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I Believe in Life Everlasting

by Fr. John A. Hardon, S.J.

If there is one truth of the Catholic faith that needs to be emphasized in our day, it is our belief in everlasting life. As we know, this means more than merely the continuation of our human life on earth. True enough, our souls will never die. In that sense, our life is eternal because our souls, once created by God at our conception, will continue living for all eternity.

But faith in life everlasting is deeper than merely believing that our souls will continue to exist once they leave the bodies when we die. Life everlasting is nothing less than the unending share in God’s own life. This participation in the life of God begins at baptism. It is sustained by prayer and the sacraments and obedience to the will of God here on earth. This life Jesus Christ restored to the human race by His death on the cross and continues to be nourished, especially by the reception of the body and blood of Christ in Holy Communion.

It was worth going through this introduction on the meaning of everlasting life, lest we make the mistake of supposing that what we are professing in the closing article of the Creed is only stating the fact that we shall never die.

What is Life Everlasting?

We may say that life everlasting is the spiritual life. This expression may sound unusual, but it is true. What do we mean when we say that the spiritual life is the eternal life? We mean two things. First of all we mean that the possession of sanctifying grace, which is the essence of the spiritual life, gives us the right to everlasting life in the beatific vision with God. There is, however, another sense in which the spiritual life is everlasting life. Already here on earth, provided we are in a state of God’s friendship, we are in possession of that life which we are to share forever with the Holy Trinity. This bears more emphasis than is commonly given it. Why? Many people think of the spiritual life in terms of practicing the virtues, of a life of prayer, of a life in imitation of Christ. All of this is true. However, in essence, the spiritual life is a share in that eternal life which Father, Son and Holy Spirit always had and always will have. After all, God is Life, without beginning and without end.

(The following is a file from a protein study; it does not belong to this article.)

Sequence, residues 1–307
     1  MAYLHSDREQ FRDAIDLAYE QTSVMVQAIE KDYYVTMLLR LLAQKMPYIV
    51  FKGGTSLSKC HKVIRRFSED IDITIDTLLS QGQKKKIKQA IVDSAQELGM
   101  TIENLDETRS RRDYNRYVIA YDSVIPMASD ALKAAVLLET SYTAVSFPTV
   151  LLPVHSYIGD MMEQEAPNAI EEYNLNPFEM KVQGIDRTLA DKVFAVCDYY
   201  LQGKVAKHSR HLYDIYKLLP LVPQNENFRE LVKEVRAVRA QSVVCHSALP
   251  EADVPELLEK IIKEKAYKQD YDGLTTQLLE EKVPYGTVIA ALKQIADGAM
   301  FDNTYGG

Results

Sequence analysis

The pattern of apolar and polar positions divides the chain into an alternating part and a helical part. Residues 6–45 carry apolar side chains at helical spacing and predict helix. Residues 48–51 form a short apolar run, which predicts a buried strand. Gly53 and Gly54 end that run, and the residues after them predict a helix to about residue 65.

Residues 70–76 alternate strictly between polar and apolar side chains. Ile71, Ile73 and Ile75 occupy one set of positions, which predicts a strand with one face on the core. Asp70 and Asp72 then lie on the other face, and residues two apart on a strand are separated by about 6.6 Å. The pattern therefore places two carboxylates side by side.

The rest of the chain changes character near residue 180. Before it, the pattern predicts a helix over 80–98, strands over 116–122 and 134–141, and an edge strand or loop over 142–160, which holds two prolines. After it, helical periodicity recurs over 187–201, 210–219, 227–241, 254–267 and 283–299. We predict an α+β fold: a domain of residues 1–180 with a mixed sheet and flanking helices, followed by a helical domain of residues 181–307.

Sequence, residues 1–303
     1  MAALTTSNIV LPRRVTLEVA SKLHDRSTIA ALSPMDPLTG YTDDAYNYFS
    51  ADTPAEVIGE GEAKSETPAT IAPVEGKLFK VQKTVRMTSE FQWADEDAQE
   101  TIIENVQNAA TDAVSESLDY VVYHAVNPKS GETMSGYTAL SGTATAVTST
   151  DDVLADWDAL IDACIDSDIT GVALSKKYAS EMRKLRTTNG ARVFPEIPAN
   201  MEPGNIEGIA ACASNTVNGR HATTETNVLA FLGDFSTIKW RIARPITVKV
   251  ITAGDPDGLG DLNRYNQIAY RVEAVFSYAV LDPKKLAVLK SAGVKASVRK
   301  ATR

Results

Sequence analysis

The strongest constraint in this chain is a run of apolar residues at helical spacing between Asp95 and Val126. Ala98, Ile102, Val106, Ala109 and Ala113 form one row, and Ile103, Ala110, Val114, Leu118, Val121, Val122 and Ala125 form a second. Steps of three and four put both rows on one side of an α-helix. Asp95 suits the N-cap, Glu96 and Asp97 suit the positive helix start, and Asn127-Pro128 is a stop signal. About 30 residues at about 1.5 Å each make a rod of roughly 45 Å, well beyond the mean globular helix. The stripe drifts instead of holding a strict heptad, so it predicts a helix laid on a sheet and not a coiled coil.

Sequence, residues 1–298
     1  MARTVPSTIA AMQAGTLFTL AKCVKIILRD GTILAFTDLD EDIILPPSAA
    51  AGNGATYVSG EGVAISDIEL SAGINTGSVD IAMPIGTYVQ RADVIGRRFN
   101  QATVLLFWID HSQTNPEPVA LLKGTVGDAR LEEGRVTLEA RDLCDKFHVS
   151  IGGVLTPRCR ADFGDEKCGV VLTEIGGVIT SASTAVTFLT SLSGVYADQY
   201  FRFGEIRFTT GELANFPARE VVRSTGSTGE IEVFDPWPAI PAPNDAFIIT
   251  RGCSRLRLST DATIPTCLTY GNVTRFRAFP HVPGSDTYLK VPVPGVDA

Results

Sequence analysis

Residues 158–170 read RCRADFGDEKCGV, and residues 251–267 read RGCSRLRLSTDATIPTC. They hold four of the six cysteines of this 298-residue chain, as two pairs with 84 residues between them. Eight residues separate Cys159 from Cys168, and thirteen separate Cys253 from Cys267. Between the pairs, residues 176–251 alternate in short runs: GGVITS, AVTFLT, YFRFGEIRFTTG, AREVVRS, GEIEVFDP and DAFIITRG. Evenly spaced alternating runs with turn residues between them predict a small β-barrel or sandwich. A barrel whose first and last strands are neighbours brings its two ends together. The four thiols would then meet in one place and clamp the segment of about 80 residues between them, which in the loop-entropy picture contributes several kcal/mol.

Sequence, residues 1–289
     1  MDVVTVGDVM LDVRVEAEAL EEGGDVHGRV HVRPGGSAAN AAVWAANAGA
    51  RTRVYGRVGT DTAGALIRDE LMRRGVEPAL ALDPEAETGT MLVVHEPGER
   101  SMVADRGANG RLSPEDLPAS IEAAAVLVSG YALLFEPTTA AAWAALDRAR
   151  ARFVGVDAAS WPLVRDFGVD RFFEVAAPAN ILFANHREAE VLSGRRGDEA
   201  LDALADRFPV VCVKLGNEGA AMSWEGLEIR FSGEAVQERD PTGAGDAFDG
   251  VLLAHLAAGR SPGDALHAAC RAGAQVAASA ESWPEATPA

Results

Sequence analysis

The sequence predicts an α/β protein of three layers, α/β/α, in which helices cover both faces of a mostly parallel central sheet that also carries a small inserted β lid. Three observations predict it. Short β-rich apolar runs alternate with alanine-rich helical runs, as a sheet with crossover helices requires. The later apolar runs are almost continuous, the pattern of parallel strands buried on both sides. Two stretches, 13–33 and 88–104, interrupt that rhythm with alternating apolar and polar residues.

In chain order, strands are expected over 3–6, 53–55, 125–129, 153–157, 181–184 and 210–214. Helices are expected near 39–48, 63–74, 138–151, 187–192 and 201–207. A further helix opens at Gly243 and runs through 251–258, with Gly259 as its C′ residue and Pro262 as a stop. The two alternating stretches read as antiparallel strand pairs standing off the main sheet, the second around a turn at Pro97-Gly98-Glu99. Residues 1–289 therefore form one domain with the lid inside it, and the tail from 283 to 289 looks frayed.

Our eternal life begins at baptism. Once we define everlasting life as the supernatural life in which we share in the prerogatives of the Holy Trinity, then logically the supernatural life begins at baptism by water or by desire. Moreover, as the baptismal ritual makes clear, it is God’s will that we never lose this eternal, supernatural life that we received when we were baptized. The verb “begins” is important. Everlasting life, as the supernatural life, does indeed begin at baptism. But this everlasting life which had a beginning can have an end. The end is or would be the loss of sanctifying grace.

Everlasting life does not begin at our bodily death. Our souls are naturally immortal. Once they are created by God at our conception, they are never to end. Our souls have an eternal future. Consequently, it is simply not true to say that everlasting life, as the eternity of the soul, begins at our bodily death. Moreover, and most importantly, our eternal life, as the supernatural life, begins when we are baptized. This statement cannot be repeated too often. When our body dies, our hope is that our souls will then begin, not to possess everlasting life, but to enjoy everlasting life in the beatific vision of God.

We have just said that everlasting life begins when the human soul receives a share in the very life of God. This is much more than even the most learned pagan philosophers of history professed when they said that the soul of man will never die. Thus Plato speaks of the partnership of soul and body. In this partnership, the soul is master, and the body is a servant. Plato goes so far as to say that it is for the divine to command and rule, and for the mortal to serve and obey. Hence, it is the soul in us which plays the divine, the body which plays the mortal part. On these grounds, the soul is the permanent or divine thing in us; the body is the merely human and changeable. As Plato concludes, we should expect the body to perish, but the soul to be either wholly or almost imperishable.

As believing Christians, we do not speculate whether the soul is immortal or not. We know on faith that the human soul will never die.